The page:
The possession efficiency, and especially the red zone/scoring opportunity efficiency, were solid, but the issue was that the Buckeye offense could have created more scoring opportunities than they did. Cardale and J.T. didn't differ significantly in their effectiveness, but the team overall turned only 45% of their drives in to scoring opportunities. On the flip side, of eleven full drives (discounting the garbage time game-ender and the one to end the half), the Buckeyes only had two three-and-outs. Both three-and-outs were at the beginning of the second quarter, so far giving Ohio State terrible second quarter efficiency to start the year.

So what gives? Why are the base run plays less effective and the offense so sluggish in the second quarter? My guess, and I'd have to check the tape and do some charting to say for sure, is that Warinner and Meyer are trying a lot of things to both identify go-to guys and go-to plays -- oh, and find a go-to quarterback. This switching drive-to-drive thing disrupts quarterbacks' flow and incentivizes risk-aversion. In response to using both quarterbacks, Meyer said as much, "I'm evaluating how we're doing that and what's the best opportunity to go down the field and score." Beyond settling on which playmakers to turn to when needed, the line -- especially the interior -- have to perform better than they did, particularly under pressure.

Not nearly as explosive as last week

The Buckeyes didn't break off nearly as many explosive plays as last week. Going by the 15-yard rush and 25-yard pass markers for explosive plays, the Buckeyes only had a single explosive play out of 83 total plays -- and that was Cardale's first 24-yard rush! There were two near-explosive plays, a Jalin Marshall 24-yard reception and a Braxton 14-yard run, but even counting those, that's still just a 3.6% explosive play rate.

Even looking at mid-range explosive plays (of 10+ yards), there were just six explosive runs (out of 49 attempts, or 12%) and nine explosive passes (out of 34 attempts, or 26%). The passing explosiveness was fairly decent then -- the issue was that there weren't any really deep completions and there were too many overall incompletions. Neither quarterback (and a few wide receivers) seemed on their game against the Rainbow Warriors.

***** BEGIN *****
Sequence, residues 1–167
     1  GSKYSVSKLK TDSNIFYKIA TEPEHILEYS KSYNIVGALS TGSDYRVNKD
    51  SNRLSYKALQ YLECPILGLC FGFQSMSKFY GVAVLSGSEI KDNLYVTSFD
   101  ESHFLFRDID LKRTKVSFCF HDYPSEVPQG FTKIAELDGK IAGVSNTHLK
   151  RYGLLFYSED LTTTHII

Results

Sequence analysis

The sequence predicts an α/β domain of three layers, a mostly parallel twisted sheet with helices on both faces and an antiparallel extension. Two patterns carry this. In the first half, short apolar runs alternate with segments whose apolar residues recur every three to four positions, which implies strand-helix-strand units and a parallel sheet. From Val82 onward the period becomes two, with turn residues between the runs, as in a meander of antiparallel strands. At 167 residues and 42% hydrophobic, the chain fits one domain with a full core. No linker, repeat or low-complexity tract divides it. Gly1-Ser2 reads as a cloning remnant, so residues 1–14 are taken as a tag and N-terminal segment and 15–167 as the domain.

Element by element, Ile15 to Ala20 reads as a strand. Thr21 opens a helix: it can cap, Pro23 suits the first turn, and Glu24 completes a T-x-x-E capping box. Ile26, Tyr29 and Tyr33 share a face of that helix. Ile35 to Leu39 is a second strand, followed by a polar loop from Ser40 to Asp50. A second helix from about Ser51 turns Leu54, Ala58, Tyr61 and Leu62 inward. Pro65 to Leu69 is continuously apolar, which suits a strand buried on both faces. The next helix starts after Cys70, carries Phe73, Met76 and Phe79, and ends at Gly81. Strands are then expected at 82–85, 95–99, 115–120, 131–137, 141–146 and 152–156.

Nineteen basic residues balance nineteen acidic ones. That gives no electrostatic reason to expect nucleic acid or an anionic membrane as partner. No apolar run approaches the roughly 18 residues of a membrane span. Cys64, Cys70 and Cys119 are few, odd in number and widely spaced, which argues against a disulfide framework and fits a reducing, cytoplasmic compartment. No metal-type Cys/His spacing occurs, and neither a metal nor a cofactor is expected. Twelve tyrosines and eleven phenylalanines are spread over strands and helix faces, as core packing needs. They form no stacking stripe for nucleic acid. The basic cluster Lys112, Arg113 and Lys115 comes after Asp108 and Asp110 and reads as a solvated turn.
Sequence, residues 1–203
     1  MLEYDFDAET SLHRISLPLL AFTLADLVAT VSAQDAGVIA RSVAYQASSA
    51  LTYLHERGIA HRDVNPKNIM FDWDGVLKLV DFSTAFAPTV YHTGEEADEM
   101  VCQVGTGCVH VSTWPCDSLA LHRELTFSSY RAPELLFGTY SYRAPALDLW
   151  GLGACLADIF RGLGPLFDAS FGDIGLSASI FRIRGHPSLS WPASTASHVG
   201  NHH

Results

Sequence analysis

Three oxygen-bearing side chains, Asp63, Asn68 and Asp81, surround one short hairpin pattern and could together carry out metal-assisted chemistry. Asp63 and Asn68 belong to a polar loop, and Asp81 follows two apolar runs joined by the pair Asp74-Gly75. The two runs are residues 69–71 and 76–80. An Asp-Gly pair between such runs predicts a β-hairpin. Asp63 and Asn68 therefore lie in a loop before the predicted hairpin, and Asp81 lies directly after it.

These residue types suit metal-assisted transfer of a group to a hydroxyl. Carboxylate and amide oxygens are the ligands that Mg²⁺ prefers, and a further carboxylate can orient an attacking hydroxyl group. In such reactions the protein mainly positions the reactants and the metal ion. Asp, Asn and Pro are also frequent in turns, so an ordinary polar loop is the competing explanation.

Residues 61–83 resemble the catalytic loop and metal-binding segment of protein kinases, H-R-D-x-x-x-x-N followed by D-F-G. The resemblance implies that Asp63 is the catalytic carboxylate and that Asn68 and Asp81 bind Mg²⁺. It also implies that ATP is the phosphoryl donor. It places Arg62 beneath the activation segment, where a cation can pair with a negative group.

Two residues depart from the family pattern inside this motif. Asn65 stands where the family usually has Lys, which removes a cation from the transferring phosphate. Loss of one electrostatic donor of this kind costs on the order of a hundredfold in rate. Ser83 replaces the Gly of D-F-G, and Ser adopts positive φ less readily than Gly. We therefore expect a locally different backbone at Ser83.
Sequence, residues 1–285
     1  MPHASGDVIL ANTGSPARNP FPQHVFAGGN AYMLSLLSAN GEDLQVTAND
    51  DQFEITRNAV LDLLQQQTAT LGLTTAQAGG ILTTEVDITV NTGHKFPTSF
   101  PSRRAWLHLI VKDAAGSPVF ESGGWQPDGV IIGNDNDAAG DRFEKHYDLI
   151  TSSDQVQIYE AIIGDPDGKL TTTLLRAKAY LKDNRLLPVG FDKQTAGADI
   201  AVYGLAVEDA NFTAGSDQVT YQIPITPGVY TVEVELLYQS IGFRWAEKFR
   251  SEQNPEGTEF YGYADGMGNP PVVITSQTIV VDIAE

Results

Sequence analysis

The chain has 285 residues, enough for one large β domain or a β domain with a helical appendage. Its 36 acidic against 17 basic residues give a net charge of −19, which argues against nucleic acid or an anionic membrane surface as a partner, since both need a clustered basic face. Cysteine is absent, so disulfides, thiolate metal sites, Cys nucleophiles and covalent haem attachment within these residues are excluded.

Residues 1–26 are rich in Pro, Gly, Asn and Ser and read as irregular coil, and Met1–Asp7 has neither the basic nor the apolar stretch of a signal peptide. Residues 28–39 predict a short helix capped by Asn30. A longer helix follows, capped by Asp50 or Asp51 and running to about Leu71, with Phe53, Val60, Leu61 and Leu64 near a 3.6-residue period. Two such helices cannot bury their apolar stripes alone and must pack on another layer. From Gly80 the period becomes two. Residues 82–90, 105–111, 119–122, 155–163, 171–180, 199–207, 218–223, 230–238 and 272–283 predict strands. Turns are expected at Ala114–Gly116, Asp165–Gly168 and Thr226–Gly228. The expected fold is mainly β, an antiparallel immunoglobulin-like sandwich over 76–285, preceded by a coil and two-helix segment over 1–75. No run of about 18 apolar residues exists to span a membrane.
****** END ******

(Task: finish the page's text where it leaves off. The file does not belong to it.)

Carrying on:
The defense, though

But if you wanted a vintage Silver Bullets performance, the Buckeyes delivered that against Hawaii. Granted, this was the 121st offensive S&P+ team last season, but still -- Max Wittek was held to a 29% completion percentage and turned the ball over three times. Vonn Bell and Darron Lee added some highlight-worthy turnovers and explosive defensive plays, and young guys like Sam Hubbard, Raekwon McMillan, and Gareon Conley all made some noise. Obviously the Rainbow Warriors were shut out, but the defense also forced four three-and-outs and held them to 2.3 yards per rush.

All in all, the Buckeyes were less efficient than expected against a bad defense, and didn't connect on as many explosive plays as last week to compensate for a merely "good" offensive performance in terms of efficiency. The defense won the day, but the Buckeyes must improve their consistency in both passing accuracy and in the base run game for Ohio State to continue both dominating cupcakes and beating the tougher teams at the end of the schedule.